- Make sure that your file does not have an extension like .text, because editors usually add an extension. If they do, rename the file and delete the extension, just leave the .htaccess
- Upload your file to the root directory of your website using either an FTP client (e.g. FileZilla) or a browser-based file manager.
What Can You Do with .htaccess File?
Now that you know where the .htaccess file is on your web server or WordPress website server, and how you can edit it, or create it, It’s time we talk about the things we can do with .htaccess file. There are so many things that we cannot cover in this post, but we will explain its most important functions for you.
When users send a request to a website, usually for a web page or file, or data from an application, the server tries to answer that request, and if it fails, sends a back an error indicating what kind of problem it encountered.
These different errors have different codes. The most familiar one may be 404 error, or page not found error. There are many other error codes that the server can respond with.
Client Request Errors:
- 400 — Bad Request
- 401 — Authorization Required
- 402 — Payment Required (not used yet)
- 403 — Forbidden
- 404 — Not Found
- 405 — Method Not Allowed
- 406 — Not Acceptable (encoding)
- 407 — Proxy Authentication Required
- 408 — Request Timed Out
- 409 — Conflicting Request
- 410 — Gone
- 411 — Content Length Required
- 412 — Precondition Failed
- 413 — Request Entity Too Long
- 414 — Request URI Too Long
- 415 — Unsupported Media Type.
- 500 — Internal Server Error
- 501 — Not Implemented
- 502 — Bad Gateway
- 503 — Service Unavailable
- 504 — Gateway Timeout
- 505 — HTTP Version Not Supported.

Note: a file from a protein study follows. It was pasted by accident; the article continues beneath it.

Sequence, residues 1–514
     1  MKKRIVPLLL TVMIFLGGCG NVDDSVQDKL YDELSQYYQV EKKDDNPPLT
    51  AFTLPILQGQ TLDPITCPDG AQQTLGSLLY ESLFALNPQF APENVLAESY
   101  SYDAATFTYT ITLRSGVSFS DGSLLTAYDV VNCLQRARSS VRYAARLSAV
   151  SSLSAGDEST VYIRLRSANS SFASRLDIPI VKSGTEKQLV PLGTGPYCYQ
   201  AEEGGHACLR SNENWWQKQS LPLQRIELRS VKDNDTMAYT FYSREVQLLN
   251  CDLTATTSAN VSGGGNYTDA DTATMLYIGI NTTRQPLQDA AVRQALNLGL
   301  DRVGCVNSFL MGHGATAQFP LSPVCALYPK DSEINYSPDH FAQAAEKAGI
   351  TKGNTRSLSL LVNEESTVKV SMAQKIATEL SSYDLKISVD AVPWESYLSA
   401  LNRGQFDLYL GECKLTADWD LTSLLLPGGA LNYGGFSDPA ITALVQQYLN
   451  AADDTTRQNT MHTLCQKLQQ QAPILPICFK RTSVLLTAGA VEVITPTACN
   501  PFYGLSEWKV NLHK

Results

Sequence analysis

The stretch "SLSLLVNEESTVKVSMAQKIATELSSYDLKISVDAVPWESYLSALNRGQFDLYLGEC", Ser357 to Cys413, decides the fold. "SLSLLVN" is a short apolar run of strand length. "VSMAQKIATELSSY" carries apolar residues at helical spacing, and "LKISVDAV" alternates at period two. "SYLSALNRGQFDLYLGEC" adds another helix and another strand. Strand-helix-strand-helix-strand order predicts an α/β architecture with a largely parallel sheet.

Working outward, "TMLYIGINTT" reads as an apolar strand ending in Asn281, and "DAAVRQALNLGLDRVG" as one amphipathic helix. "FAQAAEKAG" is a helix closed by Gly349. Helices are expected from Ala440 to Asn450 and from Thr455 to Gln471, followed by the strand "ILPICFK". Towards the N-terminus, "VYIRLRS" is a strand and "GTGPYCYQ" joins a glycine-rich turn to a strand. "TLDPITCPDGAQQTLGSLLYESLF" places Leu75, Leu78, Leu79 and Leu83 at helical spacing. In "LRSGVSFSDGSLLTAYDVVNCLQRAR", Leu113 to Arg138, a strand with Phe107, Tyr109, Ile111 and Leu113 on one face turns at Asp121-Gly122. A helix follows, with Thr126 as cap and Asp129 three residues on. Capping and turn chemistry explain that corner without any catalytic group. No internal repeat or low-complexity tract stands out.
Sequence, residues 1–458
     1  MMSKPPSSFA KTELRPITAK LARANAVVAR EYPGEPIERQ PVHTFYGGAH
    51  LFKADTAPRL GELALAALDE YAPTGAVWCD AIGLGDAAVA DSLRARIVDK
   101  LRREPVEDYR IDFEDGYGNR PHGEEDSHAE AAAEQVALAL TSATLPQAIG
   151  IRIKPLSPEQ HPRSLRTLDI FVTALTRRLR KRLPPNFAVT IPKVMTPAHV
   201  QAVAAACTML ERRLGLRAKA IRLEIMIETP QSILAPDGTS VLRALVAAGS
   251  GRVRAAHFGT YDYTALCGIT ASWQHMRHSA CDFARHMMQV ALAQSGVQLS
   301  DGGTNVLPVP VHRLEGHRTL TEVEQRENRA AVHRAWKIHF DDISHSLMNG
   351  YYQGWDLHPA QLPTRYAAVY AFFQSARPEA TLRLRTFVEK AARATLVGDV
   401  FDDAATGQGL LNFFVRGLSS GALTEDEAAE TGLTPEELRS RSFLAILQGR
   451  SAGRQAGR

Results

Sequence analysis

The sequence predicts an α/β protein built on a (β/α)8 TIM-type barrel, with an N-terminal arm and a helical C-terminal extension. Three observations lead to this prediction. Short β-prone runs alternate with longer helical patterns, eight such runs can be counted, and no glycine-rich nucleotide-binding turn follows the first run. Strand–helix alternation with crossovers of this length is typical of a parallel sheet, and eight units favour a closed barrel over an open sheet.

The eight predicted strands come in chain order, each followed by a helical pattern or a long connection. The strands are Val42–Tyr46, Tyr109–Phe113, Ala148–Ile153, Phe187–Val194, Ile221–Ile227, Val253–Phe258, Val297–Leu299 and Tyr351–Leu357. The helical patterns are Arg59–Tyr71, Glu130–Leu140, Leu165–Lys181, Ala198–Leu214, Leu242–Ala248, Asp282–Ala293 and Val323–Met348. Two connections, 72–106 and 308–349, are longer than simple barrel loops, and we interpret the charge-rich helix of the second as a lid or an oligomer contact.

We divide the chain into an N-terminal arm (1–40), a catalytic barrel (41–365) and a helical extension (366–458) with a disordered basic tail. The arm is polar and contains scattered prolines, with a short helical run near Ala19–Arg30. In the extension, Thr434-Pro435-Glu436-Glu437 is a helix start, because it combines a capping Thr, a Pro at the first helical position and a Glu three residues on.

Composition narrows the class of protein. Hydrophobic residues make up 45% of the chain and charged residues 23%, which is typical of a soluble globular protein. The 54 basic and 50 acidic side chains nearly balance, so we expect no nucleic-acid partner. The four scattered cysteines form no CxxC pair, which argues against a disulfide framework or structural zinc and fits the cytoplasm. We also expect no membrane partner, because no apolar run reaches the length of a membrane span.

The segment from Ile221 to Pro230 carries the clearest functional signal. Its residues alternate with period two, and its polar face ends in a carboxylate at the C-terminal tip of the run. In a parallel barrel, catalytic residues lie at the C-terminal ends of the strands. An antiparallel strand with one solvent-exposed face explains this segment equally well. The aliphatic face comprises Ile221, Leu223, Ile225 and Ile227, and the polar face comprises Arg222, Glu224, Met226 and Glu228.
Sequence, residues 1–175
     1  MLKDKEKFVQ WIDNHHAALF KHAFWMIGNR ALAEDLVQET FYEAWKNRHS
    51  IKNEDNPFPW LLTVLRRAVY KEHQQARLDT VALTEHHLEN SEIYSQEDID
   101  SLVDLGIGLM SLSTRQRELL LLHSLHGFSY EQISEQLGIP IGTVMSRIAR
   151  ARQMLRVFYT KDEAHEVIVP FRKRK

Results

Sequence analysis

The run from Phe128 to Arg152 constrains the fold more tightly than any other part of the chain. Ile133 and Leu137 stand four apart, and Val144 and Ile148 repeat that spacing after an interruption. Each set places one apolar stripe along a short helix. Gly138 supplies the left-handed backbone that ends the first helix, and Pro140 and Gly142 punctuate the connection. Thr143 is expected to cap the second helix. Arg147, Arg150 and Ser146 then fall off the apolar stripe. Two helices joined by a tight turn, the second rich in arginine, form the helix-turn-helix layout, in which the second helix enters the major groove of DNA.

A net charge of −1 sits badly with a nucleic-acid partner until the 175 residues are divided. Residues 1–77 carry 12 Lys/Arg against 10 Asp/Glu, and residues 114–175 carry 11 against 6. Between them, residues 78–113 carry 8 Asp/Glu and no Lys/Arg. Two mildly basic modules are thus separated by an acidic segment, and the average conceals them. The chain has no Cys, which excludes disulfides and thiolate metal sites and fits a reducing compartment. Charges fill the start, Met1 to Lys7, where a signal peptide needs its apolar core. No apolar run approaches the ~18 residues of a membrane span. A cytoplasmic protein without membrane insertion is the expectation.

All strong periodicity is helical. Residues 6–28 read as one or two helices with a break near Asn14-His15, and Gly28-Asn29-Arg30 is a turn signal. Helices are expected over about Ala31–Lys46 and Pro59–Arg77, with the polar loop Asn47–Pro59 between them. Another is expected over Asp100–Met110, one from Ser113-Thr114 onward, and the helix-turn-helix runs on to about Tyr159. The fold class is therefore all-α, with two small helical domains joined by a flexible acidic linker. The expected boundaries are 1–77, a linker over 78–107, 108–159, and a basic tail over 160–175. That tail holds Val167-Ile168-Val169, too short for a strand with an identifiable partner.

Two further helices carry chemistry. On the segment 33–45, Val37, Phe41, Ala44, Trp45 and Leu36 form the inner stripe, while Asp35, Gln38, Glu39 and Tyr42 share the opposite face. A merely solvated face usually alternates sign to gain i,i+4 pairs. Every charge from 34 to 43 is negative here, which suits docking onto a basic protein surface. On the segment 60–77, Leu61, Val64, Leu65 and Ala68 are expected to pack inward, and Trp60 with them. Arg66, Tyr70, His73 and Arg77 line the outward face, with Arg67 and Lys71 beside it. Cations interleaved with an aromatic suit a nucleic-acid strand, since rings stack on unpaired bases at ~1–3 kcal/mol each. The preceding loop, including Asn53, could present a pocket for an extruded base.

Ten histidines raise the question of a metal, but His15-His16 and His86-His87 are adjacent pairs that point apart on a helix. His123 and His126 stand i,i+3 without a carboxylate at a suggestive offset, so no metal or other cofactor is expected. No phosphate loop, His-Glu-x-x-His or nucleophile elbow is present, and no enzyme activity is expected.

There’s a default error handling for any of these cases. that is the server just returns the error message or status code to the browser, and the browser will simply show the error to the user. However, sometimes the default is not ideal. This is where .htaccess is leveraged to change the response.
Specifying Error Documents
You can create an HTML document for each error code that you want to customize on your website, and then tell the web server to show them instead, using .htaccess. It is very simple to do, you just need to add a few lines like below to the file:
ErrorDocument 400 /errors/bad-request.html ErrorDocument 401 /errors/auth-requested.html ErrorDocument 403 /errors/forbidden.html ErrorDocument 404 /errors/page-not-found.html ErrorDocument 500 /errors/server-error.html
Alternatives to .htaccess for Error Handling
Alternatively, you can use WordPress itself or another Content Management System that you are using to do the job.
Specify a Default File for a Directory
When a request is made to a web server for a URL that does not specify a file name, the default for most web servers is that the URL refers to the last directory itself directory. The browser tries to show a simple list of the files on that directory on the server.
On the other hand, the Apache webserver tries to answer the request with a default file, which is by default index.html. But that may not be what you want, so you can specify a default file (e.g. home.html, site.php, etc.) for that directory using the .htaccess file.
.htaccess allows you to set the default page for a directory easily:
DirectoryIndex [filename here]
If you want your default to be home.html it’s as easy as:
If you want to set other files with other names as default for lower directories, there are two ways:
Method 1: Create a .htaccess file inside every directory you want to configure and make your directory settings there.
Method 2: Add more default file names at the end of the top-level .htaccess DirectoryIndex line. It affects all the subdirectories as well, and where it doesn’t find the default file, it will look for the next file name in line. For example:
DirectoryIndex index.php index.shtml index.html
URL Redirects and URL Rewriting
One of the most common uses of .htaccess files is URL redirects. This is very important for user experience on your site, as well as your internet search result rankings.
301 vs. 302 Redirects
URL redirects should be used when the URL for a document or resource has changed. From a browser standpoint, there are two types of redirects, 301 and 302. (These numbers refer to the error code generated by the webserver.) 301 means “Permanently Moved,” while 302 means “Moved Temporarily.” 301 is preferred because it preserves any SEO equity the original URL had and passes it on to the new URL.
To redirect one page to another URL, the code is: